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HISTORICALLY APPROPRIATE HOUSE PLANS FOR URBAN INFILL PROPERTIES



Among the blight clearance strategies of a Redevelopment and Housing Authority they routinely purchase properties that are in poor condition or foreclosed or otherwise unsuitable for the health, safety and welfare of a neighborhood. This approach is especially effective when contiguous properties are involved and it can implement  several houses at a time to replace deteriorated housing stock with new affordable construction.

Narrow Lot Ad 1

In many cases an RHA finds itself with an opportunity to call for new homes to be built in a similar architectural style as the historical character of the existing neighborhood. This is accomplished by publishing Requests for Proposals (RFP’s) asking for builders and/or developers to use certain pre-selected plans. The plans come from portfolios where independent architects publish ready-to-build editions of historically appropriate traditional neighborhood designs.

Many urban homes were originally built on the small narrow lots platted in the early 1900’s. Some of these house plans came from pattern-book catalogs such as Sears and Roebuck. It is appropriate that a replacement house plan, a century later, should come from a similar catalog of plans. The character of the old neighborhood can be retained with this strategy of individual lot infill projects.

GMF+ attended the Virginia Association of Housing and Community Development Officials VAHCDO conference in May 2013 in Virginia Beach.  It provided a vendor table display at the event where a catalog of its historical urban infill house plans was available. The same plans can be seen on this website as NARROW LOT PLANS.  These plans are regularly featured in RFP’s for in-fill projects in Norfolk, Virginia Beach, Portsmouth, Williamsburg and Chesapeake, as well as cities in North Carolina.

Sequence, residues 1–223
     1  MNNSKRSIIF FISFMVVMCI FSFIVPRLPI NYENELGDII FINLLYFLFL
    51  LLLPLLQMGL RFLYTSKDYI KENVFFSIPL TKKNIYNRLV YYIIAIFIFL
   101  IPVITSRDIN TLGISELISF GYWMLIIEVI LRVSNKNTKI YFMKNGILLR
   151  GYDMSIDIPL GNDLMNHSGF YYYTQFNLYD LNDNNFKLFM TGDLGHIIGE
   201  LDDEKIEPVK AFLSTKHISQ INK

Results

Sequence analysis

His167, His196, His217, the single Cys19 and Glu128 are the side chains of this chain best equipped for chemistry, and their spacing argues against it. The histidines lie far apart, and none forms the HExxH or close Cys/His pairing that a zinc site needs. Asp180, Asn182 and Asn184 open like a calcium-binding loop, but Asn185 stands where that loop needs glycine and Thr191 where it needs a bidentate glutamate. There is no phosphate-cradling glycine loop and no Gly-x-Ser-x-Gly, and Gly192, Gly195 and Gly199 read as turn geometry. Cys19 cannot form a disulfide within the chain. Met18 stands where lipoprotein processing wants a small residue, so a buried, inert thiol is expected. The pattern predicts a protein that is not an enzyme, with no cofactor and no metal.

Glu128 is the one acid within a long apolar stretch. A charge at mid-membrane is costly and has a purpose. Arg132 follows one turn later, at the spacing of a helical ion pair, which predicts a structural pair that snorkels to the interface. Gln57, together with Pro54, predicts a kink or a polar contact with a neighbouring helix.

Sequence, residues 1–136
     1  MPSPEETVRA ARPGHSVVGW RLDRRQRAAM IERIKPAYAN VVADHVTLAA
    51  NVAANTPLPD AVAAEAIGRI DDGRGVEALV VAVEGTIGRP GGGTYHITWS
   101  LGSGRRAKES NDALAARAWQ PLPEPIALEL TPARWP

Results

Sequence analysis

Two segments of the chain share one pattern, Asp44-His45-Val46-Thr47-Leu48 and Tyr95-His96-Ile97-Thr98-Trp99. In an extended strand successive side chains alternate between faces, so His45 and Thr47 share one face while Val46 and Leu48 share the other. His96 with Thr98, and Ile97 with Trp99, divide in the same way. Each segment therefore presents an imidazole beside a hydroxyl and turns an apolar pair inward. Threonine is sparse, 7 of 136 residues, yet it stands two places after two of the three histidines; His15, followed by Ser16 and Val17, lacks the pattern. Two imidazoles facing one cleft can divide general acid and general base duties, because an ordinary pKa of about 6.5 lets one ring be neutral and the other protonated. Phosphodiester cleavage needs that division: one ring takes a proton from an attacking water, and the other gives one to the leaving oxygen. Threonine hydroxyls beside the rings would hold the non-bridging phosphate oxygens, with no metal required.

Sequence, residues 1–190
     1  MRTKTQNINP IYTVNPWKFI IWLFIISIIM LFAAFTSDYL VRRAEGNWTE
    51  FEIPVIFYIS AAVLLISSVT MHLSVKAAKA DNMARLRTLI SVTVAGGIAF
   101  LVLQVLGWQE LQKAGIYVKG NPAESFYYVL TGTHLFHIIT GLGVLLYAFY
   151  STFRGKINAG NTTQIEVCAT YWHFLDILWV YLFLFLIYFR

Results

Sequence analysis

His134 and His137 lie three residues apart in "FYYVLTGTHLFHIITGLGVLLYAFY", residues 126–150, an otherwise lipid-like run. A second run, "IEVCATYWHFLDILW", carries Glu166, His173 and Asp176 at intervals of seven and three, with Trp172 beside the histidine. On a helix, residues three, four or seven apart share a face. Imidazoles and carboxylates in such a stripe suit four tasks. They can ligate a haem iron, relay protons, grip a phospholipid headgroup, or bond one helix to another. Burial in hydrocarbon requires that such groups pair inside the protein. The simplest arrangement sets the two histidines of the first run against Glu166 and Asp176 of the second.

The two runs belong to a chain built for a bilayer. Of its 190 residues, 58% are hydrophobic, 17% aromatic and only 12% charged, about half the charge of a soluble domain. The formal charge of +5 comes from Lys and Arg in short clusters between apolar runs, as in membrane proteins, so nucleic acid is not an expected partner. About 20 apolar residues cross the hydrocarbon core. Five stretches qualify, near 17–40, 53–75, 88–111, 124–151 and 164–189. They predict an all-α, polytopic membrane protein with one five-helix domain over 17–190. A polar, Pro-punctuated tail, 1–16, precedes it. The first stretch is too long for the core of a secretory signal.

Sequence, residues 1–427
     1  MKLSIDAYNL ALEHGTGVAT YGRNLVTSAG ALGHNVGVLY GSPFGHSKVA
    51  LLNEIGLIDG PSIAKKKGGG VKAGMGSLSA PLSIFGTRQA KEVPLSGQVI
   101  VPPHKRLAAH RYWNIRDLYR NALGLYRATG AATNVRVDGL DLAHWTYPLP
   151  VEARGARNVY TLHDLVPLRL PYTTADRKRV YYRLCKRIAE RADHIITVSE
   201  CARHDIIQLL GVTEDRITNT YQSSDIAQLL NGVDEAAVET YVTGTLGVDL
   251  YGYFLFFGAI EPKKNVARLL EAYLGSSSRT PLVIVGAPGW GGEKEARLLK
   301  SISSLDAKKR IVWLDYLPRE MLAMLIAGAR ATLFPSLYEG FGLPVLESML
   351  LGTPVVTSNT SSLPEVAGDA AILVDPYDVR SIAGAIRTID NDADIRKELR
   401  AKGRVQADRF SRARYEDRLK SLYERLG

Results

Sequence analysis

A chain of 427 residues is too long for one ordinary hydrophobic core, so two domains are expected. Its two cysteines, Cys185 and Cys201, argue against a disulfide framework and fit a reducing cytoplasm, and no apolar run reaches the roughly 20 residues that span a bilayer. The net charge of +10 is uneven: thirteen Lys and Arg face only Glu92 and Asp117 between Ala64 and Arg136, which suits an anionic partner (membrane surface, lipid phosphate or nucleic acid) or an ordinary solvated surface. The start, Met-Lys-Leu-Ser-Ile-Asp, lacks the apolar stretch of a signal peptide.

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Specifying “affordability” in Traditional Neighborhood Design



Redevelopment planners are facing a new challenge for replacing deteriorated single-family houses with new homes that conform to Traditional Neighborhood Design standards, including that prospective buyers cannot qualify for the selling price of the new home. A sagging economic climate has made getting financing to purchase a new home increasing difficult for more and more prospective homeowners. The cost of construction has not dropped enough to make new homes more affordable. The result is many builders are unwilling to invest in new construction for urban in-fill properties.

Affordable Urban Plan

Sample affordable house plan

Norfolk Redevelopment and Housing Authority recently took a proactive approach to meeting this challenge. It is based on the assumption that if it could offer to their single-family builders new TND house plan that was less expensive to build, the construction cost could come down to a selling price that would enable today’s homebuyer to qualify for its purchase. Willing builders would jump at the chance, right?

How do they find a satisfactory house plan that meets the design standards of traditional neighborhood design and costs less to build?

Here are ten ways to accomplish that objective: